EDF CEO Jean-Bernard Levy knew the UK government wanted to take more time to review the Hinkley Point nuclear contract before the French utility's board voted to approve the investment. Axel Threlfall reports.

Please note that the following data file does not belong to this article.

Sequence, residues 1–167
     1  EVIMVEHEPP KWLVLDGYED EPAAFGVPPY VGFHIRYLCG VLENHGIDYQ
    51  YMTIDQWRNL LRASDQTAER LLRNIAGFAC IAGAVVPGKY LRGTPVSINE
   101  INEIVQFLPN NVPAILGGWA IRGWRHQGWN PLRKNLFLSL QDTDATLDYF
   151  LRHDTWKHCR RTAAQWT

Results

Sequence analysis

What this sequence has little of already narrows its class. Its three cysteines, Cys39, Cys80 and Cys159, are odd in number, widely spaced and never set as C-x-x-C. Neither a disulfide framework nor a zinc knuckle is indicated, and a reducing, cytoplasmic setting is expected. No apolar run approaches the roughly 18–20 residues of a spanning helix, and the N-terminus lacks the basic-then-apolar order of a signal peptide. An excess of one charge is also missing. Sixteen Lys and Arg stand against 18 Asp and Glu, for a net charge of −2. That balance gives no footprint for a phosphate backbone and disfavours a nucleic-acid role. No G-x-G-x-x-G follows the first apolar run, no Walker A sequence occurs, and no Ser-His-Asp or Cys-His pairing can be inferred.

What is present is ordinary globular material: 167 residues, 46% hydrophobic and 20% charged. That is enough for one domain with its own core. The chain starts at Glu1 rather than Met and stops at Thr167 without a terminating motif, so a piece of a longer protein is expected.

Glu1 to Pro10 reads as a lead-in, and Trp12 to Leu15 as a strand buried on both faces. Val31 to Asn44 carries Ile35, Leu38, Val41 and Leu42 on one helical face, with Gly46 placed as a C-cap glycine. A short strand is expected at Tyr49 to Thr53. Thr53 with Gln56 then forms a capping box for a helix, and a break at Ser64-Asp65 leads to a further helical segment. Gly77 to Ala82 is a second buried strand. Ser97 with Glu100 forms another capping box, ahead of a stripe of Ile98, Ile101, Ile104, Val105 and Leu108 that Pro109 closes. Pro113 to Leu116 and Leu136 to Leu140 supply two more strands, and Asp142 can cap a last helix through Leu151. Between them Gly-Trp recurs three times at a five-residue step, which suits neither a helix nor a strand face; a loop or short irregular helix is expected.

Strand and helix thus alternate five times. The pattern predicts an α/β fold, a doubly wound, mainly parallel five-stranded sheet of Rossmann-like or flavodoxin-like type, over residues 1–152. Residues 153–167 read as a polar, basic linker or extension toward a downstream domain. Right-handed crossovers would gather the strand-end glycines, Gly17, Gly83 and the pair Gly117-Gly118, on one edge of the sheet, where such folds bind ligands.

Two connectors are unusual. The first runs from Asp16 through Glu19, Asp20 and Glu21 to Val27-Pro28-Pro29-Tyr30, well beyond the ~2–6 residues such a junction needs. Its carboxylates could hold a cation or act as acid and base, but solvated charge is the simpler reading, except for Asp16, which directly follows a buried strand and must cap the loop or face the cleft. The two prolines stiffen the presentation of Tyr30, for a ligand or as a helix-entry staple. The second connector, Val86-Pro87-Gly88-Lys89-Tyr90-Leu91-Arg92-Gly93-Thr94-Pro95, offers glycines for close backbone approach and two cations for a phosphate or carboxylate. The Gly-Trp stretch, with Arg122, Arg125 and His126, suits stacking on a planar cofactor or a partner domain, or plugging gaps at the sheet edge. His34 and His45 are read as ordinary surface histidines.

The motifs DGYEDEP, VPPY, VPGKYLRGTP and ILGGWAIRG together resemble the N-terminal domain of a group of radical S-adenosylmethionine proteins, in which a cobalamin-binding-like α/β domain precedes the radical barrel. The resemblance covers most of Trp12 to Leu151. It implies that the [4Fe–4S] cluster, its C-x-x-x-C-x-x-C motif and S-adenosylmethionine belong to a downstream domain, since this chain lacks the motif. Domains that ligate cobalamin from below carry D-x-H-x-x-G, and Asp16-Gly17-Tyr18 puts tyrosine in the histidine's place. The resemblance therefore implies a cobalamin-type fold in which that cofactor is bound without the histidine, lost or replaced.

EDF has egg on its face. The French utility saying last week that it would build a big new nuclear power station in Britain. Only to discover one day later that London wasn't sure if it wanted to go ahead. Now it turns out UK prime minister Theresa May had told the French president days earlier that she wanted a delay Reuters utilities correspondent Heert de Clercq says there was a major communication failure: SOUNDBITE (English) REUTERS UTILITIES CORRESPONDENT, HEERT DE CLERCQ, SAYING: "Theresa May communicated with the French president, then the French president communicated with his prime minister, and presumably the industry minister, who then is in charge of EDF. So somewhere in this line either Hollande did not understand Theresa May's message clearly enough, or he did understand it and communicated it to the industry minister, but then this information did not make its way to EDF." The communication failure all the stranger as EDF is state controlled. Paris owns an 85 percent stake in the firm. Now the bigger question is whether to proceed with the Hinkley Point project - estimated to cost about 18 billion pounds. The plant would generate about seven percent of Britain's electricity. For France it could be even more important: SOUNDBITE (English) REUTERS UTILITIES CORRESPONDENT, HEERT DE CLERCQ, SAYING: "At the moment the French nuclear industry is working on the last major nuclear plant that they're building in France ... So if Hinkley Point is not built, the French nuclear industry, which employs about 200 thousand people will have no work, so it is a very big issue for the French government." London due to decide later this year whether Hinkley point will go ahead. Critics say it's too expensive, and will burden UK consumers with needlessly expensive energy. But with so much riding on it, many suspect it's too big to fail.